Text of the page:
Pairing Wine and Halloween Treats (Video)

Lots of laughs on CTV’s The Social this week!

The hosts chose the theme of a Royal Halloween, so Lainey dressed as Prince George, Cyn was Daenerys from Game of Thrones, Mel was Megan Markle and Marci was Queen Ramonda from the Black Panther movie.

I channeled my inner (royal) wine witch and brought my broom shtick to the show. What a hoot we had together!

Here are the tips, tricks and wines we discussed …

Something a bit scary happens on Halloween: we’re surrounded by lots of treats, but will they pair well with our wine?

Here, with some monster matches that won’t frighten your palate, is Natalie MacLean, who offers Canada’s most popular online wine classes at



Natalie, when we’re pairing wines with treats like junk food or dessert, what are the basic guidelines we should follow?

A few things to remember when pairing wines and sweet goodies, most importantly the wine should be sweeter than the dessert. It’s no different whether it’s a chocolate mousse cake or a chocolate bar. Look for core flavour matches too, between the wine and treat, whether it’s toffee or lemon. Have fun and experiment!





Gérard Bertrand Crémant de Limoux Brut
Languedoc A.P., France






Ok Natalie, I’m more of a salty than sweet kinda girl. I love things like chips and pretzels; so what would go well with those Halloween treats?

Treats like chips, pretzels and Doritos, that are not sweet, but are salty and bready, need wine that’s crisp, refreshing and it doesn’t have to be sweet.

A sparkling wine is perfect: bubbles and acidity cleanse the palate of the fat and salt. That also works with lemon flavour Starburst candy.






Chateau Ste. Michelle Brut Sparkling
Washington State, United States






I’m all for sipping on some bubbles while I hand out candy tonight. What have you brought me to try?

I have several sparkling wines here from Italy, France and Washington … why don’t you try this Santa Margherita Italian Sparkling Rose?

Now take a bite of a chip, then go back to the wine. How has the wine changed, do you find its acidity has softened and it now tastes fruitier?






Santa Margherita Brut Rosé Sparkling




We’ll obviously be snacking on Halloween candy for the next little while but once that’s all gone, what desserts would pair well with sparkling wine?

Sparkling wine is one of the most food-friendly wines on the planet. It pairs well with food that gives other wines a headache, such as vegetables, quiche and salmon.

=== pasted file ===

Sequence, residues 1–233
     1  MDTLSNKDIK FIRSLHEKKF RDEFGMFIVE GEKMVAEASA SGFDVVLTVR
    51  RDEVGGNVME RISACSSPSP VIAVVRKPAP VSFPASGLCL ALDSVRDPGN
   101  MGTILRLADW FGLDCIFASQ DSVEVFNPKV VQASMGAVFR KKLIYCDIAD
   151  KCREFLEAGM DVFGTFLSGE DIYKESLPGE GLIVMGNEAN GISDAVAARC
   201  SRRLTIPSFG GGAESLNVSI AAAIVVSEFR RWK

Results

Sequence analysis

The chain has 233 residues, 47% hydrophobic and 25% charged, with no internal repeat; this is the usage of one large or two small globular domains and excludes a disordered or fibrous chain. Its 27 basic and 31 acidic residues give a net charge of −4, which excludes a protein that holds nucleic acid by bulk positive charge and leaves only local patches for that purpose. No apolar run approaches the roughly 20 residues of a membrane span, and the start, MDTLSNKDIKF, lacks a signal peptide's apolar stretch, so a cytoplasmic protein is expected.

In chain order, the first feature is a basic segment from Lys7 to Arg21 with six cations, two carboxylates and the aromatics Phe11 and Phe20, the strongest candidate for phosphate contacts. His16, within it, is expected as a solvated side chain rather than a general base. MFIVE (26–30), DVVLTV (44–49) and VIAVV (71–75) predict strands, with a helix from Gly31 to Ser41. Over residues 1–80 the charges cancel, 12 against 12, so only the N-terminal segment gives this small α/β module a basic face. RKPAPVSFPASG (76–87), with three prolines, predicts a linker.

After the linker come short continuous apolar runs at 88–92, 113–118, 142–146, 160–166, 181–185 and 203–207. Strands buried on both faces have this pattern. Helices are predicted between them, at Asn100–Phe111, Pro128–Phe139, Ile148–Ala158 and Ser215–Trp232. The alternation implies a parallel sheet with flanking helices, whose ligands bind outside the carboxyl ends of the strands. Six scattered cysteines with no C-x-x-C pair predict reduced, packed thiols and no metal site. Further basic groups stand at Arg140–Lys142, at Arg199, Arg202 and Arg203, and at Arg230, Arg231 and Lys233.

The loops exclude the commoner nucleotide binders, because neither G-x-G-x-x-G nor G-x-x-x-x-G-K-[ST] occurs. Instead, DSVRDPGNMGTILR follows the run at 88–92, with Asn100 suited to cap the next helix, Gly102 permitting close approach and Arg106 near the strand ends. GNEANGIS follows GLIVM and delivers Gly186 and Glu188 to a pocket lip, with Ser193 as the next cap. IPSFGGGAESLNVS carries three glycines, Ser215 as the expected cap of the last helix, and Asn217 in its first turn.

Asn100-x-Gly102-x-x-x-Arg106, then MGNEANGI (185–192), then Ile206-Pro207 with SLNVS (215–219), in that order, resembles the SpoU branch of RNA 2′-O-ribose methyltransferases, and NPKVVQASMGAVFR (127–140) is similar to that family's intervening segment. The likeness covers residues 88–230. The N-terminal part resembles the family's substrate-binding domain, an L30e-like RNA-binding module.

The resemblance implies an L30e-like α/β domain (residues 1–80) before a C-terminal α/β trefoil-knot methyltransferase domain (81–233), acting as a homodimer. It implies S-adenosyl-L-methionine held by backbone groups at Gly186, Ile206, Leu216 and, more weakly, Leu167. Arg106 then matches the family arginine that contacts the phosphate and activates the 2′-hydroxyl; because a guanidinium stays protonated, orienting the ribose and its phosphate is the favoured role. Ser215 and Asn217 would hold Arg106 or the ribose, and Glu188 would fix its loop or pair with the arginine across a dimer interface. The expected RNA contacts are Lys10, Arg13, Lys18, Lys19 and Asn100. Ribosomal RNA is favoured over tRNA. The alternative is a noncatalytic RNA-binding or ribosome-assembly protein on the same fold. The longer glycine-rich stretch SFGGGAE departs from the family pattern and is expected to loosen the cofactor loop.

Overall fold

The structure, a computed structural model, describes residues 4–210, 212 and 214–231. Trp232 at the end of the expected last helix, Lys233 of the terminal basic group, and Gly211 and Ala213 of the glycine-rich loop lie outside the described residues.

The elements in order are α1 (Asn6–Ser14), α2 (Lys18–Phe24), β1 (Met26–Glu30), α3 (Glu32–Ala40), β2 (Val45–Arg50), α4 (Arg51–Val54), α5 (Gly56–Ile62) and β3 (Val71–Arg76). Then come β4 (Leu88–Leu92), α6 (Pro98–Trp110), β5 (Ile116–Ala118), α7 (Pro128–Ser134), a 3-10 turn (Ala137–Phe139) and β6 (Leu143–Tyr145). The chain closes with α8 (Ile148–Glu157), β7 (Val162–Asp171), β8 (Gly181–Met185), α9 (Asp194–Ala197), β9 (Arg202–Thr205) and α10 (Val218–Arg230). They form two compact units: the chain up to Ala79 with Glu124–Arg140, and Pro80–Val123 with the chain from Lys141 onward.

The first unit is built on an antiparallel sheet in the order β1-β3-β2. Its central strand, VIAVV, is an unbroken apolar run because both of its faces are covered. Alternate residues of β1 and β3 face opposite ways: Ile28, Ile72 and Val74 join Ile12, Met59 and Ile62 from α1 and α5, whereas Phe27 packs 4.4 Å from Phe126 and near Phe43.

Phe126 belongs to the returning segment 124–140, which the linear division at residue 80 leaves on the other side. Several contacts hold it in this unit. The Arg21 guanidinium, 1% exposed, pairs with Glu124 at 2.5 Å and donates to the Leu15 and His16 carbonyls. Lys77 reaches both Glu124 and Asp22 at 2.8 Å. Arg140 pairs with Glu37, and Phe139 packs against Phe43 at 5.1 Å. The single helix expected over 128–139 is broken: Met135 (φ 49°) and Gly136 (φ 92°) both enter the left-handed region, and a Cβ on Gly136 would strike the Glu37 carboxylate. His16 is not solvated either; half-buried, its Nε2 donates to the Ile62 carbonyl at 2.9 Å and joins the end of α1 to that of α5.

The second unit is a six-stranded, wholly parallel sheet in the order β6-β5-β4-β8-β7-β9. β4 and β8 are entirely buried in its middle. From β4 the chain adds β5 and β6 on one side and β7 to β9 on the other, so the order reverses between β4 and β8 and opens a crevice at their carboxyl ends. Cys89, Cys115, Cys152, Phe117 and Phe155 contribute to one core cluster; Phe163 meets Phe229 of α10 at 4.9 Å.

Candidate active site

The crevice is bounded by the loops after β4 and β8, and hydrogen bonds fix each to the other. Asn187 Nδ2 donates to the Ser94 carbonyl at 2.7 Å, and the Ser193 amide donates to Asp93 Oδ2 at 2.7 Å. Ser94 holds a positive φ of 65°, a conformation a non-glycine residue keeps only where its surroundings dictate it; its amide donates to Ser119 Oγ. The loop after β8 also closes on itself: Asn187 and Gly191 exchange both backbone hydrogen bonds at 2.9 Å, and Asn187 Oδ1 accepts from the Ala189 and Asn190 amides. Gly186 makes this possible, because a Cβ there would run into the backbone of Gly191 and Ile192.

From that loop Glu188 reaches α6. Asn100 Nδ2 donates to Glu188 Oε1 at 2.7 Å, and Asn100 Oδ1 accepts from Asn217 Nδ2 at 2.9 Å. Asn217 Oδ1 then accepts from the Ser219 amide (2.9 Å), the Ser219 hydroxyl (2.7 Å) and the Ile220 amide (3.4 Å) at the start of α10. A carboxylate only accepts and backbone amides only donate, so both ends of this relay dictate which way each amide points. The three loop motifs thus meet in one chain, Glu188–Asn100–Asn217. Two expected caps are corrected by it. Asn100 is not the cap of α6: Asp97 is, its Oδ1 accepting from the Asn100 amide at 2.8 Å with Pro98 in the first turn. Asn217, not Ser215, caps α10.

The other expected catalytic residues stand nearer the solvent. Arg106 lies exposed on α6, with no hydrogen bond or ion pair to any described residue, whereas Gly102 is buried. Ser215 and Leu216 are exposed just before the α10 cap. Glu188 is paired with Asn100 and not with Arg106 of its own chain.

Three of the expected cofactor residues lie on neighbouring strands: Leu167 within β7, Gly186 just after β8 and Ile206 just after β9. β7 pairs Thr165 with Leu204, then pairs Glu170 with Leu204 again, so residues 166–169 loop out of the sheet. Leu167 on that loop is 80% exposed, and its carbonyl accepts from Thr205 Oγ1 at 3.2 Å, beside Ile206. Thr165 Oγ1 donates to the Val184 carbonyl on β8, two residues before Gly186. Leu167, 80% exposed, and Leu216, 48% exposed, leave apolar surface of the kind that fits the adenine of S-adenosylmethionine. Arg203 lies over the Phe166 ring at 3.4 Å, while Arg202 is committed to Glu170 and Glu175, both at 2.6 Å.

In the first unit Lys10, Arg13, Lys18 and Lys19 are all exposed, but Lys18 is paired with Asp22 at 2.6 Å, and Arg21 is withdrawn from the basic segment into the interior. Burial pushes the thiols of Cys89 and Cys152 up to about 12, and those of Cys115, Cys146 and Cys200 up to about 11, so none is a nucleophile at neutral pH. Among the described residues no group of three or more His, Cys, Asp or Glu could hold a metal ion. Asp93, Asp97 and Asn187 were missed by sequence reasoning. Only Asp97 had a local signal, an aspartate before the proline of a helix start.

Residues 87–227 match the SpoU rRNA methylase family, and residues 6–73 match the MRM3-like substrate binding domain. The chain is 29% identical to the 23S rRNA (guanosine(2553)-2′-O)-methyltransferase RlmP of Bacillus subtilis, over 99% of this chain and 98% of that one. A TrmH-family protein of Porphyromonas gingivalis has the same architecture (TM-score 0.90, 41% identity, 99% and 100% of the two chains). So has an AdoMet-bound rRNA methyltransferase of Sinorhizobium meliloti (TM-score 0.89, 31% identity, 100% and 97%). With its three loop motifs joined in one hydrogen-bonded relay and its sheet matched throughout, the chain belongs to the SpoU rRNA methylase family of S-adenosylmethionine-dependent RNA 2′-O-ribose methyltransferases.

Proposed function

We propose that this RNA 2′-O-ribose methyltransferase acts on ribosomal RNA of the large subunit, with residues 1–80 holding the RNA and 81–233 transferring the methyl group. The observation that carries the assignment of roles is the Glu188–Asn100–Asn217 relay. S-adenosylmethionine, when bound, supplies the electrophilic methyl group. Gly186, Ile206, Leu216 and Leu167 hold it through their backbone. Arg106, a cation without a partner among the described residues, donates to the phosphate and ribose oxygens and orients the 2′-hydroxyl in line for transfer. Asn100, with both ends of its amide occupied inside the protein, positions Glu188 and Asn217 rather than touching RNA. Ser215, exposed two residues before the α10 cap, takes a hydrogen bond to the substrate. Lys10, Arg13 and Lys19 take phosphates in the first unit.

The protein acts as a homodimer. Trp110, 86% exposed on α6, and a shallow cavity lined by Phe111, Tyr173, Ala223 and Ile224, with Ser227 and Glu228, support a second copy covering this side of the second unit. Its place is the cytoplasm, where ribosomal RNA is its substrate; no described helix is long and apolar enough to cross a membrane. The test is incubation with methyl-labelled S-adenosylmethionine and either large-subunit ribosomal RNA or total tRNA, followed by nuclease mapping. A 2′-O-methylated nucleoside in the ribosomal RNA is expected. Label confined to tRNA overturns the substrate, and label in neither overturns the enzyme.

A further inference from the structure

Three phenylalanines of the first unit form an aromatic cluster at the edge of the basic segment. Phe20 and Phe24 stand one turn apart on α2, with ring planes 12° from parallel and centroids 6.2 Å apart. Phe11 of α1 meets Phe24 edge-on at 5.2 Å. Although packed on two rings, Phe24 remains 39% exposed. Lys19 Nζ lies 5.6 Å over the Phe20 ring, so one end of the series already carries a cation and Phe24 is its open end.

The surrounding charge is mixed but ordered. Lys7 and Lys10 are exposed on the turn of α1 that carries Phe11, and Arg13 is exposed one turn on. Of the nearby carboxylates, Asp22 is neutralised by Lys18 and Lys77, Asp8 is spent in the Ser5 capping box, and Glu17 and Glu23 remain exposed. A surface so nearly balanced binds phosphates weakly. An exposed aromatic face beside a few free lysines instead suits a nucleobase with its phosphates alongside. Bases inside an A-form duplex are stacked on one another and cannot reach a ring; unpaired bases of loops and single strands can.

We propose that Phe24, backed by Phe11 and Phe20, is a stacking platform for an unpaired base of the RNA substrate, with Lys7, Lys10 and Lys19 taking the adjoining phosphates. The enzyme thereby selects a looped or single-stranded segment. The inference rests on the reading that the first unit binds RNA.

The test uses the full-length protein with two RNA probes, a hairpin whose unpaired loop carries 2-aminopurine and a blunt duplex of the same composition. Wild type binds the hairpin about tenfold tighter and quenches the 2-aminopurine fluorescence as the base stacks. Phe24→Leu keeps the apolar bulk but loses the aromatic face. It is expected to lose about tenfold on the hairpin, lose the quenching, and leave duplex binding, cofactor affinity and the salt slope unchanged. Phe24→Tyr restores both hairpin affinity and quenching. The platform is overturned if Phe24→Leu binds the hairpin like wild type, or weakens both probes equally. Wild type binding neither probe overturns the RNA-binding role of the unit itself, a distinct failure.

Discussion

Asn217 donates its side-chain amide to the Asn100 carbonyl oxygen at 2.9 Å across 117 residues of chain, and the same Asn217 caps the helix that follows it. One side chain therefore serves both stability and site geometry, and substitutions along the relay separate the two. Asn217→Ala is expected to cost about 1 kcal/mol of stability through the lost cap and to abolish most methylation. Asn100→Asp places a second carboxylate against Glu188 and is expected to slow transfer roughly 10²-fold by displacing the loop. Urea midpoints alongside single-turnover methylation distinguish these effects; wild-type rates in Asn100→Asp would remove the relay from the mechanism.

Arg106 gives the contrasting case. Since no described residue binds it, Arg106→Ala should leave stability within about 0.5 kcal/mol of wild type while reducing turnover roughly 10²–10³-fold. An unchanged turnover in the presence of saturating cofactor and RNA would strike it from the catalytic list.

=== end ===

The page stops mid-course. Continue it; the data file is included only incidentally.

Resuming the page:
It also pairs beautifully with roast chicken and turkey, game birds and creamy cheeses. It’s natural acidity and bubbly cut through the fat in any dish and refresh your palate for the next bite.




I’m all about delicious dark chocolate!

I’d like you to try this full-bodied Italian Amarone from Bolla. Its decadent dark spices and black cherry aromas are a great match for dark chocolate, when you still want to drink a dry red with your treats. Try dark chocolate; that’s not sweet or moderately sweet. Tootsie Rolls with a full-bodied dry red wine, such as this Italian Amarone.

So try the wine first, then the chocolate, now go back to the wine; what happened? The tannins in the chocolate smooth out the wine to make it more luscious.

Wine must be high in alcohol like 14% or more as it helps to melt the chocolate and matches the weight and flavour of chocolate.





Bolla Le Origini Riserva Classico Amarone della Valpolicella
Veneto D.O.C., Italy





You know I love a full-bodied red wine so I’m definitely into this pairing. What have you brought me to try?

We have some Halloween-themes wines like this one from Francis Ford Coppola, he’s the director of the movie Dracula.





Francis Coppola Diamond Collection Red Label Zinfandel

California, United States





Casillero del Diablo translates to “cave of the devil” and it pairs with chocolate because it’s got that fleshy dark fruit.

What desserts would pair well with these wines?

Anything with just a touch of sweetness, such as chocolate dipped biscotti or dark berries, and even a dish like Mexican mole.





Concha y Toro Casillero del Diablo Reserva Malbec
Central Valley, Chile





Natalie, it’s our turn next so come on over! Marquesa is so sweet, she’s really great about sharing so I will most certainly be having some of her candy tonight. My ‘go to’ is the little chocolate bars. What should I sip while I snack on those?